In 1989, Jim Ziolkowski was an idealistic college graduate, groomed for a life in financial management and business. But like many graduates do before entering the "real" world, he took a backpacking trip. It was there, on the streets of Nepal in Asia, that the direction of his life changed.
Upon returning to the United States, Ziolkowski said he couldn't shake the inequality that he witnessed abroad. So, he set out to address the challenges of poverty and education faced by children in urban America, and in the poorest nations around the world. The result was a non-profit group called BuildOn.
The group views its service learning and school construction programs as a form of social activism that intends to break the cycle of poverty, illiteracy and low expectations.
Ziolkowski said he knew that he could make a difference in people's lives and their communities by focusing on schools.
"In developing countries, we build schools because we have seen the impact that education can have on breaking the cycle of extreme poverty," he said. "In the United States, we realized that there is not a need for infrastructure, so we don’t need to build schools, but if we could empower urban youth specifically kids from the toughest schools, from the most challenging neighborhoods to transform those neighborhoods through service and education, that would be the contribution to make. That is the partnership to develop to give them an opportunity to lead that change."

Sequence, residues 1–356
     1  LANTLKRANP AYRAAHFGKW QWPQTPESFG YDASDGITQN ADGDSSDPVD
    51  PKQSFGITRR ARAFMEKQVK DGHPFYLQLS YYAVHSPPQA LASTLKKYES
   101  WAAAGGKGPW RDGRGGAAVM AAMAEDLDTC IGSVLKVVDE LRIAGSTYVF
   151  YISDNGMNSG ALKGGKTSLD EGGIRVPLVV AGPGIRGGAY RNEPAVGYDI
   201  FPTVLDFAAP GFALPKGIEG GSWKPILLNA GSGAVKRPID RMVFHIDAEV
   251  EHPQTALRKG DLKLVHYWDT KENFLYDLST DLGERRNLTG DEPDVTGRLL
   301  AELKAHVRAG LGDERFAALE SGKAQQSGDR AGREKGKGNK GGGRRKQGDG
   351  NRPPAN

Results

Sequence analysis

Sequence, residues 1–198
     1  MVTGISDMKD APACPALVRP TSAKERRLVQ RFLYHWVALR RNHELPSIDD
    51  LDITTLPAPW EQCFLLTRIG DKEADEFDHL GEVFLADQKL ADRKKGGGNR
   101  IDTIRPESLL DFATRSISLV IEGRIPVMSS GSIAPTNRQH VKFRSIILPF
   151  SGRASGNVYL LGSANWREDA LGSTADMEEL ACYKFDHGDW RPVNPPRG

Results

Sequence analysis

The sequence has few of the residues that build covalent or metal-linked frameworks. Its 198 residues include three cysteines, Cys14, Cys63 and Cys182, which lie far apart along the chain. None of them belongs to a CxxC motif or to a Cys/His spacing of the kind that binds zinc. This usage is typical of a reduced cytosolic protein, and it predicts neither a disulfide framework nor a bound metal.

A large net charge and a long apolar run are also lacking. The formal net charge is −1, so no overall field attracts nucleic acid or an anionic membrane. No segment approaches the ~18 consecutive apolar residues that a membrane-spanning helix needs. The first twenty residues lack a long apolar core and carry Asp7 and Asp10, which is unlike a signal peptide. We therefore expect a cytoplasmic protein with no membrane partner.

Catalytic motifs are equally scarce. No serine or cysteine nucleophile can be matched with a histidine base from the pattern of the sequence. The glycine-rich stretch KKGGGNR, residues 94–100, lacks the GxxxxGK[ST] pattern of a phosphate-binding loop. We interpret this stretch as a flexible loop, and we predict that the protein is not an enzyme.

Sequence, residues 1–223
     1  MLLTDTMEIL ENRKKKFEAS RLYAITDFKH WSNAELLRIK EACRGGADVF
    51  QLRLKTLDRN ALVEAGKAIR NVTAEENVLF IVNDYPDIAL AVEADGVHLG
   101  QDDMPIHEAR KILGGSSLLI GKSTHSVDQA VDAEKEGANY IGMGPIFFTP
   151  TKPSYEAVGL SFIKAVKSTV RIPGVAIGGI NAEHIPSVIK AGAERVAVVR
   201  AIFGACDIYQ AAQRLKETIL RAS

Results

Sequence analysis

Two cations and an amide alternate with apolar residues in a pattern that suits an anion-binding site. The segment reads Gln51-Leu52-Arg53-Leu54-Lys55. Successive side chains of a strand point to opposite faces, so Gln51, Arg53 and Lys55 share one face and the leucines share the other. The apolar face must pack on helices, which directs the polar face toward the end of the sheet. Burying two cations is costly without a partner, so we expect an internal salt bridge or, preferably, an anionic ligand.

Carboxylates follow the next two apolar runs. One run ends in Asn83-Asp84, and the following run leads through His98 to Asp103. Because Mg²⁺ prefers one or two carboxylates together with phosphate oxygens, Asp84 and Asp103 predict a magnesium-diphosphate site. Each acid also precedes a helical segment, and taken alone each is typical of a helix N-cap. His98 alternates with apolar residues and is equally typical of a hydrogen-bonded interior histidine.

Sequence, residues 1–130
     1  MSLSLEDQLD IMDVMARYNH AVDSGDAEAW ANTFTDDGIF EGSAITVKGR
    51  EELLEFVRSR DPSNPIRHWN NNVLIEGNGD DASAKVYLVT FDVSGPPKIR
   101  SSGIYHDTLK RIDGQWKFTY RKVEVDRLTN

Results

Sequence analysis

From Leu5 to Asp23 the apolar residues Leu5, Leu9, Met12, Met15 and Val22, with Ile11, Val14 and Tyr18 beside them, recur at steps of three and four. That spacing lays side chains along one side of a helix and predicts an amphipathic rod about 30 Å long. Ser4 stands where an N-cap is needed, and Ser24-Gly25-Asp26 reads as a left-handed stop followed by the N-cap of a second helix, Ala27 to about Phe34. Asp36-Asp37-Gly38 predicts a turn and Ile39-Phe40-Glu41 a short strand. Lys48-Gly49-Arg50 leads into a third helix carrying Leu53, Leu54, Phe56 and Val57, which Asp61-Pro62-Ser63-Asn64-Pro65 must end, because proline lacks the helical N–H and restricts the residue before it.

BuildOn's after school service programs can take many forms because teens are taught to identify the unique issues facing their own communities. From New York City to Detroit to San Francisco and many places in between, youth leaders have been building gardens, cleaning up the streets, feeding the hungry, caring for the elderly and tutoring children.
Last year, the group hit an extraordinary milestone: 1 million hours of service contributed by students in the U.S., and 500 schools built in developing countries worldwide.
Of course, Ziolkowski said he knows there is still so much to do.
"To this day, we are breaking ground on another new school every four days," he said.
Those who are interested can learn more about BuildOn at its website .